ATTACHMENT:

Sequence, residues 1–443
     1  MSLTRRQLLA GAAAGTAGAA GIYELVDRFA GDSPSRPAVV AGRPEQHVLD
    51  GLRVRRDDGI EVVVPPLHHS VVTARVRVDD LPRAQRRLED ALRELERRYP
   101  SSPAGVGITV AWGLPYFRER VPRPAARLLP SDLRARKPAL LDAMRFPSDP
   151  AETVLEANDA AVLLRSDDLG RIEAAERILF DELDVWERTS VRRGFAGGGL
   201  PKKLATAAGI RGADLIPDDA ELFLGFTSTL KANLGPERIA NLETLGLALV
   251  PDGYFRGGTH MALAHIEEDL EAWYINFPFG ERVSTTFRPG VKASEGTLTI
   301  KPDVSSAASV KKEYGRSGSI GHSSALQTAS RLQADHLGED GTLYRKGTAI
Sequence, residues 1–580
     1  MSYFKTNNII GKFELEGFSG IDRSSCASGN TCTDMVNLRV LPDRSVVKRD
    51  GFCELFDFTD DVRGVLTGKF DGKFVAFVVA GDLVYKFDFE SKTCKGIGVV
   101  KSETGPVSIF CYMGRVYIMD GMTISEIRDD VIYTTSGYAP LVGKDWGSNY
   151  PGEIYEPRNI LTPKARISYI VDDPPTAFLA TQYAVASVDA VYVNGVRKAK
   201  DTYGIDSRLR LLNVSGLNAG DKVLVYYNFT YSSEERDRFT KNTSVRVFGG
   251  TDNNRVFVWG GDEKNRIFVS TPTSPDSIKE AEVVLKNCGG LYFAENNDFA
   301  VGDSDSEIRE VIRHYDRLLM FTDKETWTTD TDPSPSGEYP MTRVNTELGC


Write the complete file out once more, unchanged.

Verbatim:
Sequence, residues 1–443
     1  MSLTRRQLLA GAAAGTAGAA GIYELVDRFA GDSPSRPAVV AGRPEQHVLD
    51  GLRVRRDDGI EVVVPPLHHS VVTARVRVDD LPRAQRRLED ALRELERRYP
   101  SSPAGVGITV AWGLPYFRER VPRPAARLLP SDLRARKPAL LDAMRFPSDP
   151  AETVLEANDA AVLLRSDDLG RIEAAERILF DELDVWERTS VRRGFAGGGL
   201  PKKLATAAGI RGADLIPDDA ELFLGFTSTL KANLGPERIA NLETLGLALV
   251  PDGYFRGGTH MALAHIEEDL EAWYINFPFG ERVSTTFRPG VKASEGTLTI
   301  KPDVSSAASV KKEYGRSGSI GHSSALQTAS RLQADHLGED GTLYRKGTAI
Sequence, residues 1–580
     1  MSYFKTNNII GKFELEGFSG IDRSSCASGN TCTDMVNLRV LPDRSVVKRD
    51  GFCELFDFTD DVRGVLTGKF DGKFVAFVVA GDLVYKFDFE SKTCKGIGVV
   101  KSETGPVSIF CYMGRVYIMD GMTISEIRDD VIYTTSGYAP LVGKDWGSNY
   151  PGEIYEPRNI LTPKARISYI VDDPPTAFLA TQYAVASVDA VYVNGVRKAK
   201  DTYGIDSRLR LLNVSGLNAG DKVLVYYNFT YSSEERDRFT KNTSVRVFGG
   251  TDNNRVFVWG GDEKNRIFVS TPTSPDSIKE AEVVLKNCGG LYFAENNDFA
   301  VGDSDSEIRE VIRHYDRLLM FTDKETWTTD TDPSPSGEYP MTRVNTELGC